Argued and Submitted March 1, 1993.
Decided November 29, 1993.
Carl R. Katz, Denise Meyer and Charles D. Weisselberg, The Law Center, University of Southern California, Los Angeles, CA, for petitioner-appellant.
David A. Warshaw, Deputy Atty. Gen., Los Angeles, CA, for respondents-appellees.
Appeal from the United States District Court for the Central District of California.
Before SCHROEDER, THOMPSON and O'SCANNLAIN, Circuit Judges.
Lawtis Donald Rhoden appeals the district court's dismissal of his habeas corpus petition challenging his sentence and conviction in California state court. We reverse and remand for an evidentiary hearing to determine whether appellant's shackling at trial was prejudicial. We affirm on appellant's other contentions.
Rhoden was convicted after a jury trial in the Orange County California Superior Court of one count of rape, in violation of Cal.Penal Code § 261(2); one count of penetration with a foreign object, in violation of Cal.Penal Code § 289(a); and one count of sexual battery, in violation of Cal.Penal Code § 243.4. The central issue at trial was whether there was consent to the sexual conduct.
Rhoden's legs were shackled throughout the trial, and as the California Court of Appeal subsequently ruled, without adequate justification. The principal issue in this habeas proceeding is whether the shackling was prejudicial, and this issue in turn depends on whether the jury saw the shackles.
Counsel for Rhoden objected to the shackles. During jury selection, Rhoden told the court that he wanted to turn his chair and look at the prospective jurors, but that when he did so they could see his leg chains. Counsel informed the trial court that he had asked an investigator, Dan Watkins, to sit in the jury seats; Watkins stated that "he could sit there and see clearly Mr. Rhoden's shackles."
Rhoden's direct appeal and state petition for habeas relief were combined in the California Court of Appeal. At that point, Rhoden moved to augment the record to include
[t]he jury list of those persons disclosed at page 362 of the Clerk's Transcript who determined the case along with their addresses and/or phone numbers. It may be necessary to interview the jurors to determine whether the verdict can be impeached because of the impact of the shackling of appellant.
This motion was denied without comment. On appeal, Rhoden presented his declaration that he had seen the jurors looking at the shackles, as well as an affidavit from the investigator who had seen the shackles from the jury seats.
The California Court of Appeal ruled that the trial court abused its discretion in ordering the leg shackles, 216 Cal.App.3d 1242, 265 Cal.Rptr. 355. The Court of Appeal ruled that the trial court's decision did not meet the showing of "manifest need" for restraints under People v. Duran, 16 Cal.3d 282, 290-91, 127 Cal.Rptr. 618, 545 P.2d 1322 (1976). It found that the trial court had relied upon Rhoden's status as a prisoner serving time on other charges, his prior convictions and the pending charges, and his failure to cooperate with deputies. None of these factors was sufficient to demonstrate "manifest need." In particular, the court noted that Rhoden had not engaged in any disruptive behavior and had not expressed an intention to escape or to disrupt trial. However, it then ruled that the error was harmless because "[n]othing in the record establishes any jurors actually saw the shackles." The Court of Appeal rejected Rhoden's declaration and the investigator's affidavit as "too speculative and vague to warrant serious consideration."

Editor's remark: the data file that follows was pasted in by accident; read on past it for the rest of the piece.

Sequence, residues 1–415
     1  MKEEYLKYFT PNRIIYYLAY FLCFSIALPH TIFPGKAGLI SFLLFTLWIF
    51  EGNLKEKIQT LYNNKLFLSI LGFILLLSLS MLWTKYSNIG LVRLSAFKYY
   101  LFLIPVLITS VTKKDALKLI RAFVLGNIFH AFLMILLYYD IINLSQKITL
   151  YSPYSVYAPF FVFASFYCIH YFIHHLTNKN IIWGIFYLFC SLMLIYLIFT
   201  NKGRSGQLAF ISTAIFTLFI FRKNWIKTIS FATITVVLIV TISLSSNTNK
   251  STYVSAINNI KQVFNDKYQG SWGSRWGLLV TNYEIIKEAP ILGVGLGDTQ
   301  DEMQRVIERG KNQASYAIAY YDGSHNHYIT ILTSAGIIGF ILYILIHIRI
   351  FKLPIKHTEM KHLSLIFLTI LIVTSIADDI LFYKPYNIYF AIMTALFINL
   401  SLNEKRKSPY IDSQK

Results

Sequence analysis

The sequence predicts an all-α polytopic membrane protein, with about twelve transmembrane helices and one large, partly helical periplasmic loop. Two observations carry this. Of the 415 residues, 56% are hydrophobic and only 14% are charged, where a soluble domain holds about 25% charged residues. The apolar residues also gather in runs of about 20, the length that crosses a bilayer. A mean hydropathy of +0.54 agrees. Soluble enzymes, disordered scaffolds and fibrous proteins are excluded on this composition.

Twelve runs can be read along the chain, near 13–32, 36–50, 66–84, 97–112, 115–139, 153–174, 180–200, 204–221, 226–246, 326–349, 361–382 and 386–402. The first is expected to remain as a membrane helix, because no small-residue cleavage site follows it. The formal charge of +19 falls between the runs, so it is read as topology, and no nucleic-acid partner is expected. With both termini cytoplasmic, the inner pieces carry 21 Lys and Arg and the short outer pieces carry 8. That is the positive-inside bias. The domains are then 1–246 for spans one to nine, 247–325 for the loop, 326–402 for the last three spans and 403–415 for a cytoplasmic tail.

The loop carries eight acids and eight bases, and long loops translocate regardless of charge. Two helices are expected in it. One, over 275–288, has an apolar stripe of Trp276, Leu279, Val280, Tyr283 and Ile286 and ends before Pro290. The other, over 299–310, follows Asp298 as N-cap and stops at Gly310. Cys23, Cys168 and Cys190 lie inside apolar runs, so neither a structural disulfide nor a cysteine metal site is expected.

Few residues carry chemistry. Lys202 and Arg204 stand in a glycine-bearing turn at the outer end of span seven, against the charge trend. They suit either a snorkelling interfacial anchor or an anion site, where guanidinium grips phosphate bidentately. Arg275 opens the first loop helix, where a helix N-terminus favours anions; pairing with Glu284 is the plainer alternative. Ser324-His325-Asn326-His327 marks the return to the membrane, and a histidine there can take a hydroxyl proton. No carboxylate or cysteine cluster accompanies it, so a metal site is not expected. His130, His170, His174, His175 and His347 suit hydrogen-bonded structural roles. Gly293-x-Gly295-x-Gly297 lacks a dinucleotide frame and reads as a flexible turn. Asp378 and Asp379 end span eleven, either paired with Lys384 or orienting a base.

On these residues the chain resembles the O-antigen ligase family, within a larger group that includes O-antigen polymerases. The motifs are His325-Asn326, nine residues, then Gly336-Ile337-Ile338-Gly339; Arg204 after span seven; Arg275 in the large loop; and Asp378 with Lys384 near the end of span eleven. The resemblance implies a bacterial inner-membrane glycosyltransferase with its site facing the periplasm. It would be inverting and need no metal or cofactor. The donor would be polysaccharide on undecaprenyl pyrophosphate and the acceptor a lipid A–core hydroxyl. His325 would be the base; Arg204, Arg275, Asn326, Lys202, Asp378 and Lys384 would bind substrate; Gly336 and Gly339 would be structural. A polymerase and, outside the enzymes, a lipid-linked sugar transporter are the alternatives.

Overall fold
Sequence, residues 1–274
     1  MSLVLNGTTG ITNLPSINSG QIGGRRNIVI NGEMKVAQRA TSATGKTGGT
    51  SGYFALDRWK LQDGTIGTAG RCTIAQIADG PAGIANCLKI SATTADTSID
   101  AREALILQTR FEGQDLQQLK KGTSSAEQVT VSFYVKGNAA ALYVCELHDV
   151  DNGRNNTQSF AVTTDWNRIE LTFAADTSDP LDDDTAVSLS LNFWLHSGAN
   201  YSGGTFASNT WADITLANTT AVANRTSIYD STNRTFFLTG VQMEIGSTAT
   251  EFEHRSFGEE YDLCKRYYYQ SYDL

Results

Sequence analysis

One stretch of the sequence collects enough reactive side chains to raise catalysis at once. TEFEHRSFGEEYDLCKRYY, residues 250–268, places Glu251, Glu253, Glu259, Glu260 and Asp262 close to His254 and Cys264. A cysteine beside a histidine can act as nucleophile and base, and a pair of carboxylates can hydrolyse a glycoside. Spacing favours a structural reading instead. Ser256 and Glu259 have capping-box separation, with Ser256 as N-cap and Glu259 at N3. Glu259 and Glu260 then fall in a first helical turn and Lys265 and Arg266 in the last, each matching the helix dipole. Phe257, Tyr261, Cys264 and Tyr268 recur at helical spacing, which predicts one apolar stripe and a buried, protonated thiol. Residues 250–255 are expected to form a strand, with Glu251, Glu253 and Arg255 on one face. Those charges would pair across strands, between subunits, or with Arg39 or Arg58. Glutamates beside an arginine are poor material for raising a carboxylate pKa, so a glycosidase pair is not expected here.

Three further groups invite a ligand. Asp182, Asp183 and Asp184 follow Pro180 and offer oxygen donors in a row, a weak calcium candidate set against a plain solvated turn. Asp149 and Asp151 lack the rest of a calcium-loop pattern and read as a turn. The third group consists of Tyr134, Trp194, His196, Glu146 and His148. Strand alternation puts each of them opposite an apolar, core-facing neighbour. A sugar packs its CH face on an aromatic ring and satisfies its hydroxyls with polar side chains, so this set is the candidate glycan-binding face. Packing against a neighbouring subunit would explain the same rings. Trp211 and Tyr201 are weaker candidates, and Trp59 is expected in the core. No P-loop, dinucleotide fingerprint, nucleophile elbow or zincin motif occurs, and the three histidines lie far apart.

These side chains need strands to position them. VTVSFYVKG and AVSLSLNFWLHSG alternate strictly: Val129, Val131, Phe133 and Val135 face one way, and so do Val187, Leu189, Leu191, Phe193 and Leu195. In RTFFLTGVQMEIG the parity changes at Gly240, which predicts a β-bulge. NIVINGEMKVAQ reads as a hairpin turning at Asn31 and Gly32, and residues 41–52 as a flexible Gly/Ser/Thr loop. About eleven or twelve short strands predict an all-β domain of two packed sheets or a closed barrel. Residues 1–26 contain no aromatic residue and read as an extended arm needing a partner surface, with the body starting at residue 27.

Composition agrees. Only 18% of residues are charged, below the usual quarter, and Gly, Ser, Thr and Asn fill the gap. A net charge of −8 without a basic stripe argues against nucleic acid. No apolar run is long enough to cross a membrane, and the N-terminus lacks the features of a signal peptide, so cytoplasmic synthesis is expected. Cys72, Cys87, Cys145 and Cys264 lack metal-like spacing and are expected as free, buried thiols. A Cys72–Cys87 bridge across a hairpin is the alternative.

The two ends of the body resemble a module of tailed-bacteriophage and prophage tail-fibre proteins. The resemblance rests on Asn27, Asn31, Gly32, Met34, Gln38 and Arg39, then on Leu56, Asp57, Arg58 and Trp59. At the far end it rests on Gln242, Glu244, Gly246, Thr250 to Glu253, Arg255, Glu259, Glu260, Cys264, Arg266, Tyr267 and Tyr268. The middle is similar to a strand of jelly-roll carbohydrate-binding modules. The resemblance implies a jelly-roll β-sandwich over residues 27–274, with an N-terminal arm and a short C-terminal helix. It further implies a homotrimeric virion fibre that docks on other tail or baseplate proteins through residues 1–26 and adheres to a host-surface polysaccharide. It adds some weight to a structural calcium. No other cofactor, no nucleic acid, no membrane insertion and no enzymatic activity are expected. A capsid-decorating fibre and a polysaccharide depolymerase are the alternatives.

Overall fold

In his petition for a writ of habeas corpus in federal district court, Rhoden challenged the state appellate court's findings of fact and the conclusion of law that the shackling was not prejudicial. He offered additional evidence that the jurors had seen the shackles. In an affidavit, attorney Stephen Buckley, who represented Rhoden in the California appellate court, said he had talked to three jurors who had seen the shackles. In addition, investigator Alan Clow and attorney Todd McWhorter provided affidavits that they could see the shackles from the court-room. Petitioner argued that this evidence was not available to him earlier, because the California Court of Appeal had denied his motion to include the names and addresses of the jurors in the record. He argues that he had to hire a private investigator to uncover the information, and he brought the names to the court's attention as soon as he received them.
The district court denied Rhoden's petition. It noted that the state appellate court's findings of facts have the presumption of correctness, a presumption that can be overcome if its factual findings are not fairly supported by the record. It ruled that the petitioner had not met his burden of showing that the factual finding of the California Court of Appeal was erroneous. The district court deferred to what it characterized as the state court's finding that the jury did not see the shackles: "The factual finding that the jury did not see the shackles clearly decides this issue. If the jury did not know that Petitioner was shackled, it follows that the jury was not influenced by it, and Petitioner was not prejudiced." The district court then concluded that:
Petitioner does not meet his burden on this issue; the appellate court's decision is fairly supported by the record. This Court's review of the record found nothing indicating that any juror actually saw the shackles, Petitioner's arguments notwithstanding. Without evidence that a juror saw the shackles, this Court must presume that on one did. It follows that there was no constitutional violation.